State Senate candidate Flaherty opposes liquor license for Smith’s youth hostel

The ongoing saga of the youth hostel liquor license granted to its owner Representative Stat Smith, does not want to go away.

Tim Flaherty, candidate for state Senate in this fall’s elections, has come down strongly on the side of the city’s school children and area residents, criticizing the recent granting of the liquor license to Smith’s “Backpackers Pub.”

Two weeks ago, the Licensing Board on a 2-0 vote granted the liquor license for the first floor of his youth hostel despite strong opposition from neighbors, parents, and the Everett School Department.

Smith’s youth hostel is located at 13 School Street, and is in close proximity to two public schools, the Sumner G. Whittier Elementary School on 337 Broadway and the Adams School, which presently houses a Pre School Program, on 78 Tileston Street. It is also close to St. Anthony’s Elementary School on 54 Oakes Street.

“I believe that the people of Everett should be able to send their children to neighborhood schools and not have to worry about their safety walking to and from the buildings,” Flaherty said.

“As a former Assistant District Attorney, far too often I prosecuted cases in which people were ‘over-served’ and made bad decisions because of it, he added.”

At the hearing two weeks ago, Superintendent of Everett Public Schools Frederick F. Foresteire detailed his concerns about children’s safety, reminding Board members that an Everett High School student was killed by a drunk driver only a few hundred yards from the location of Smith’s “Backpackers Pub”. Foresteire was opposed to granting a liquor license to an establishment so close to three elementary schools, where many parents walk their children to and from these schools Monday through Friday throughout the nine-month school year.

Mr. Flaherty condemned the actions of Everett’s Licensing Board for granting a liquor license to Rep. Smith’s wife (Judith Locke-Smith).

Phil Antonelli, Chairman, and member Brian McCarthy voted to grant the liquor license to Smith. A third member of the Board was not present and did not vote.

“The decision of Everett’s Licensing Board to allow a liquor license for a drinking establishment in such close proximity to the Whittier, Adams, and St. Anthony’s schools is not only threatening the safety of students attending these schools, it also sends the wrong message to the community” said Mr. Flaherty.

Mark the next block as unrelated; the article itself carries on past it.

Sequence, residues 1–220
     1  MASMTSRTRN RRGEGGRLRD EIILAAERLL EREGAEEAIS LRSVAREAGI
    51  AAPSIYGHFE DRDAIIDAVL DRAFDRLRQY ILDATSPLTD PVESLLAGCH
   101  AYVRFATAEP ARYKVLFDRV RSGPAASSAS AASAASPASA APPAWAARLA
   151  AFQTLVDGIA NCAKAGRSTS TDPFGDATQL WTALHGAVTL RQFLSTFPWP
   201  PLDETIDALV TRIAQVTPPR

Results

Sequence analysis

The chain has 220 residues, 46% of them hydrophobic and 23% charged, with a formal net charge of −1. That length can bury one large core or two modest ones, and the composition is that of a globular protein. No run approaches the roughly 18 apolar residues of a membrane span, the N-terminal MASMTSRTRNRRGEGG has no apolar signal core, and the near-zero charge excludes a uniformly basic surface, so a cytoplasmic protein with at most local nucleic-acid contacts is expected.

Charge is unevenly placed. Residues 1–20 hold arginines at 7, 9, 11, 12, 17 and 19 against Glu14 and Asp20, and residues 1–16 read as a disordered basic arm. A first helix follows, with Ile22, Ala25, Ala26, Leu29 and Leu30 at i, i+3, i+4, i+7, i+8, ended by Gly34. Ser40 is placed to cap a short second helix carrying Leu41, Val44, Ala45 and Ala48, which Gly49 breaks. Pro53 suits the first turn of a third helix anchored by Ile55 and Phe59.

Flaherty also questioned why the Board approved the locations hours of operation (from 11:00 a.m.-1:00 a.m. Monday through Friday) which allows the drinking establishment to be open during school hours every day of the week.

“The main objective of government should always be the safety of the community, and I do not believe that the Licensing Board took into consideration the negative impact this establishment could have on the three schools and the many children they service” Flaherty said.

Flaherty’s outspokenness about the granting of the liquor license is not a surprise. Dozens of area residents have protested the action of the Licensing Board. However, Flaherty is the only local political voice to have chimed in for the people up to this time.

“I applaud those community leaders, parents and neighbors who stood up and voiced their opposition and I urge them to continue to speak out until this situation is rectified” Flaherty said. “I want them to know that I will be there, by their side, doing anything I can possibly do to make this ‘wrong’ a ‘right’ for the citizens of Everett!”

Flaherty urged concerned citizens to call and express their opposition to him at (617-398-6491).

Flaherty is a former Massachusetts Assistant District Attorney, an attorney in private practice, and currently a Professor of Business at the Carroll School of Management at Boston College. He is a candidate for state Senate this fall in the Middlesex, Essex, and Suffolk District, which includes the city of Everett.

He is running against Everett Senator Sal DeDomenico

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